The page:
In early 1974, the Secretary General of the United Nations, U Thant, invited the Palestinian Liberation Organization to attend the General Assembly gathering on November 13, 1974, and in doing so gave legitimacy to the Palestinian Liberation Organization as a governing body. In Yasser Arafat’s speech to the General Assembly, he thanked the United Nations for recognizing his organization and its legitimacy. When Arafat addressed the General Assembly, he made the argument that the actions taken by his government were not acts of terrorism, but these were acts of revolution and their purpose was to regain control of Palestine’s occupied original territory. The problem we confront is, there is no internationally agreed upon definition of terrorism and the international community should be able to come up with one. The major hurdle in defining is the states’ ideas of what terrorism is.
When Yasser Arafat addressed the United Nations General Assembly, he tried to articulate the actions the Palestinian Liberation Organization had taken and to justify those actions. Arafat points out that the struggles with Imperialism and Zionism began in 1881 when the first large wave of immigrants began arriving in Palestine. Prior to this date, the Muslims, Jews (20,000) and Christians all cohabitated peacefully (pop. 1/2 million). In 1917, the Belfour Declaration authorized increased immigration of European Jews to Palestine. 1 From 1917 to 1947, the Jewish population in Palestine increased to 600,000 and they rightfully owned only 6% of the Palestinian arable land. Palestine population at this time was now up to 1,250,000. 1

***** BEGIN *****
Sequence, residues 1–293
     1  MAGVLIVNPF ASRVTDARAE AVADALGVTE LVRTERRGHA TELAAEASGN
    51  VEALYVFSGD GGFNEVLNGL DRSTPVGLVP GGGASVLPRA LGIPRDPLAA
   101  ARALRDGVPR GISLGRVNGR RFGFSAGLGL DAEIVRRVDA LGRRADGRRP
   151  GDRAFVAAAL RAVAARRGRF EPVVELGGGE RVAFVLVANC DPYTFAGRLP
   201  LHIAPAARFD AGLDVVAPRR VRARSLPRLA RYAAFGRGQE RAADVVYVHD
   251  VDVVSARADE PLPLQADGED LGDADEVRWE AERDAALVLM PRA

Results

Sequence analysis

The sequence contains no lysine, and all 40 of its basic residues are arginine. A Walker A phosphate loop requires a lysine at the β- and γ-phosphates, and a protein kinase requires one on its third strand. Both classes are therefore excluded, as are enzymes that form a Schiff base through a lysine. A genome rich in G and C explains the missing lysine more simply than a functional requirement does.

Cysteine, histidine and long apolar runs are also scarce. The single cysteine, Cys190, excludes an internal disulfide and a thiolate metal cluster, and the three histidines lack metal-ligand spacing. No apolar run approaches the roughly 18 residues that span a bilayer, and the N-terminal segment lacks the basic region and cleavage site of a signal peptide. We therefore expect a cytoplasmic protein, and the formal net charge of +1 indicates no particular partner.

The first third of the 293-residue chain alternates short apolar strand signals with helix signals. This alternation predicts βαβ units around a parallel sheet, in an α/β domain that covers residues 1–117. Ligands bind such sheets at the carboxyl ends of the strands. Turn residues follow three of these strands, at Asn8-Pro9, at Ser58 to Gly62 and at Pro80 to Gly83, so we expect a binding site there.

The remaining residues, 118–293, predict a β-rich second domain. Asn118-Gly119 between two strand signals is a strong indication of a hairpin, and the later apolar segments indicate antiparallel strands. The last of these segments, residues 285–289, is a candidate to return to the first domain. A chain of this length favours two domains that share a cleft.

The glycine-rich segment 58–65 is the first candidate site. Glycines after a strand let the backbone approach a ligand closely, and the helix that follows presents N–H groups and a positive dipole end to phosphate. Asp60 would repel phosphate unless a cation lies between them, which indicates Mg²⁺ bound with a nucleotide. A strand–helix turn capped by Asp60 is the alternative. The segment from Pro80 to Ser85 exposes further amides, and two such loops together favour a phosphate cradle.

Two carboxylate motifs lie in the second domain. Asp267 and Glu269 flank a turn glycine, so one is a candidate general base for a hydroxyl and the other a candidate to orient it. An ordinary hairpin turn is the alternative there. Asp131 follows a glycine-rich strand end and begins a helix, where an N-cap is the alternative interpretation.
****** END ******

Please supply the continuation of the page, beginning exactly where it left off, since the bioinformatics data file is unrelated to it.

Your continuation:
After the signing of the Belfour Declaration, England tried to ...
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...ges of 18 up until the age of 41 to 51 are in the military reserve, so one could say that the children and adults over 51 years of age could be considered collateral damage.
The compelling need for the international community to come up with a comprehensive definition of terrorism is so that all nations have the same understanding of what is and what is not terrorism. By having an internationally agreed upon definition by all nations, it will make it easier for the country that experiences acts of terrorism to prosecute the perpetrators of the terrorist acts. In doing this ‘people’ who are trying to achieves international notoriety by committing ‘illegal’ acts which they see as terrorist acts to gain recognition in the international community, would be less likely to commit these illegal acts. It would also not gain them the worldwide recognition they seek.
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